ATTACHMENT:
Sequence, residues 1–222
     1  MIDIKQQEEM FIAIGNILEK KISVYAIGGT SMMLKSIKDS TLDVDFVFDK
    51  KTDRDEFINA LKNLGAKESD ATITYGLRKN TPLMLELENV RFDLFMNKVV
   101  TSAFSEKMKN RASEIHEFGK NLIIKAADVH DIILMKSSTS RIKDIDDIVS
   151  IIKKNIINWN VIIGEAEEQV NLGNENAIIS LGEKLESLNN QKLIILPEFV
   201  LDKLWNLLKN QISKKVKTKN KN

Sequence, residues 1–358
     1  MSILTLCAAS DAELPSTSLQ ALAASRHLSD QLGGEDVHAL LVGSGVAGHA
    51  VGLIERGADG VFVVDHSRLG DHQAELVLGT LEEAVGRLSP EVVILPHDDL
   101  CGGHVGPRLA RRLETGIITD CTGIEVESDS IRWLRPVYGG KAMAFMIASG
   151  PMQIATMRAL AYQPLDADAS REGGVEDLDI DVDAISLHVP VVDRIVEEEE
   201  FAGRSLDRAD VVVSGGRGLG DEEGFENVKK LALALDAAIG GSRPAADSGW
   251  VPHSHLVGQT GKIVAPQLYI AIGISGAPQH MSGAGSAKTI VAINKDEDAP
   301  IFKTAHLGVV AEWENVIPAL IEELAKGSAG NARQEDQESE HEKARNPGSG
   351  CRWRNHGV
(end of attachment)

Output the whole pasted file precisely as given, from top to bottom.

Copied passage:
Sequence, residues 1–222
     1  MIDIKQQEEM FIAIGNILEK KISVYAIGGT SMMLKSIKDS TLDVDFVFDK
    51  KTDRDEFINA LKNLGAKESD ATITYGLRKN TPLMLELENV RFDLFMNKVV
   101  TSAFSEKMKN RASEIHEFGK NLIIKAADVH DIILMKSSTS RIKDIDDIVS
   151  IIKKNIINWN VIIGEAEEQV NLGNENAIIS LGEKLESLNN QKLIILPEFV
   201  LDKLWNLLKN QISKKVKTKN KN

Sequence, residues 1–358
     1  MSILTLCAAS DAELPSTSLQ ALAASRHLSD QLGGEDVHAL LVGSGVAGHA
    51  VGLIERGADG VFVVDHSRLG DHQAELVLGT LEEAVGRLSP EVVILPHDDL
   101  CGGHVGPRLA RRLETGIITD CTGIEVESDS IRWLRPVYGG KAMAFMIASG
   151  PMQIATMRAL AYQPLDADAS REGGVEDLDI DVDAISLHVP VVDRIVEEEE
   201  FAGRSLDRAD VVVSGGRGLG DEEGFENVKK LALALDAAIG GSRPAADSGW
   251  VPHSHLVGQT GKIVAPQLYI AIGISGAPQH MSGAGSAKTI VAINKDEDAP
   301  IFKTAHLGVV AEWENVIPAL IEELAKGSAG NARQEDQESE HEKARNPGSG
   351  CRWRNHGV